Update: Nord Stream Turns to Finland after Estonian Rejection
Nord Stream, the project for a pipeline throught the Baltic, says it will turn to Finland after Estonia refused to allow it carry out marine research in its waters.
Yesterday it emerged that the Estonian government has turned down a request from the Nord Stream project to carry out surveys in the Baltic.
Nord Stream now says it will explore the alternative in Finnish waters to carry out the necessary work. "Nord Stream AG will now concentrate on developing further the Finnish route alternative in the Gulf of Finland," the consortium said in a statement.
The Swiss-based consortium, which wants to build a comprehensive natural gas pipeline through the Baltic Sea, sent a request to Estonia's Foreign Ministry on August 22, saying it was seeking potential locations for two additional gas pipelines.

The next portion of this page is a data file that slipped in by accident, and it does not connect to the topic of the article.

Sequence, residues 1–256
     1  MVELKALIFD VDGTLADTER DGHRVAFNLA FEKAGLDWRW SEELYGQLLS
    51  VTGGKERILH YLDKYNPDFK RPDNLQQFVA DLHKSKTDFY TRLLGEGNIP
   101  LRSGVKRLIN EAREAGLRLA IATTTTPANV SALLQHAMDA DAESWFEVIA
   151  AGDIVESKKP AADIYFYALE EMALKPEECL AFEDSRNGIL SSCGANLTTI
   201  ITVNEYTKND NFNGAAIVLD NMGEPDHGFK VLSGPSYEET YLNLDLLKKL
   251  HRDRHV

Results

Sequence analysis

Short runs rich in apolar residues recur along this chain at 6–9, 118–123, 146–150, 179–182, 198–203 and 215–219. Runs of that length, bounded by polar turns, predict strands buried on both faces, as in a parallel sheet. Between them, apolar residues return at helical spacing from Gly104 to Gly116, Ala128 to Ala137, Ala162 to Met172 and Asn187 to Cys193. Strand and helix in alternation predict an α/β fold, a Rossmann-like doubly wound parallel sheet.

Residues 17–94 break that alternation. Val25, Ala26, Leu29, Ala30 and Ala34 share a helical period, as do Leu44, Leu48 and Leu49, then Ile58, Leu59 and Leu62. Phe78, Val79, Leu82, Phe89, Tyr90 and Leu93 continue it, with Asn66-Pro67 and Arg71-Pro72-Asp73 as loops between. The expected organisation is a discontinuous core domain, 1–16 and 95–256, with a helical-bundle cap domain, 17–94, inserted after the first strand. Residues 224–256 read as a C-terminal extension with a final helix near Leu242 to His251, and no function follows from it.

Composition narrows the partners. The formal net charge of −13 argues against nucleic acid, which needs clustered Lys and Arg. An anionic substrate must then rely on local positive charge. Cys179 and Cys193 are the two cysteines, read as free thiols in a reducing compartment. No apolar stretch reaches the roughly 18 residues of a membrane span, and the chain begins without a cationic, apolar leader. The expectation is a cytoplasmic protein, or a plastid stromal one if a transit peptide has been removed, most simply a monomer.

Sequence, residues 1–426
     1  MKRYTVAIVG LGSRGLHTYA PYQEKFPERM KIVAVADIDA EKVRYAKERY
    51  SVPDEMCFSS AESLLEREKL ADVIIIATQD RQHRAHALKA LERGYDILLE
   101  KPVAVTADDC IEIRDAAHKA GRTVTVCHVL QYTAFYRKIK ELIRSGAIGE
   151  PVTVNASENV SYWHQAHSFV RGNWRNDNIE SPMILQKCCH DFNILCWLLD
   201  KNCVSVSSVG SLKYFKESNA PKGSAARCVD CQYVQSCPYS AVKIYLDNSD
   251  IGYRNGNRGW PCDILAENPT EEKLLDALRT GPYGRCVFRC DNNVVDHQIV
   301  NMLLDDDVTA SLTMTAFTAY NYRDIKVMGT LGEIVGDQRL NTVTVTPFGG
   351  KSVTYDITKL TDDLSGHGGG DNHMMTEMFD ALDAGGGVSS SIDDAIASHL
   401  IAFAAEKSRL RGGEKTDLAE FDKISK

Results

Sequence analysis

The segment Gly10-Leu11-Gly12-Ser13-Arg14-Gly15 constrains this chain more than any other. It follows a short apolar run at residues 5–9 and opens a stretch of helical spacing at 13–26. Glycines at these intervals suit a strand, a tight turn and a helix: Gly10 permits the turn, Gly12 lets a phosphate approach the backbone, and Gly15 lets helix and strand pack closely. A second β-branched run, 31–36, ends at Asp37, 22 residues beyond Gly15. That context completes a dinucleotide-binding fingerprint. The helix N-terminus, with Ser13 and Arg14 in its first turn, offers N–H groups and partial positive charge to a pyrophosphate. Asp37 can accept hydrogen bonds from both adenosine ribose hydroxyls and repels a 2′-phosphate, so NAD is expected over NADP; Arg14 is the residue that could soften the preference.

The Estonian Foreign Ministry advised the cabinet to turn down the request because of the Exclusive Economic Zone Act. Nord Stream said in yesterday's statement that a "broad range of issues" remained with Estonia. These included "transboundary environmental impacts, dealing with the possibly affected communities such as fisherman, maintaining the dialogue with the environmental NGOs, ensuring the necessary information flow for maritime navigation and safety, etc."
It said discussions would be co-operative and transparent as had taken place during development of Nord Stream Lines 1 and 2.
In rejecting the request for survey approval, Estonian Minister for the Environment, Keit Pentus-Rosimannus, told a newspaper that the refusal was based on fears of an entity other than the Estonian state gaining first knowledge of resources.
"Do you want Nord Stream, in researching the seafloor, to become the first to obtain information about the natural resources that are down there and their potential for exploitation?" Pentus-Rosimannus said.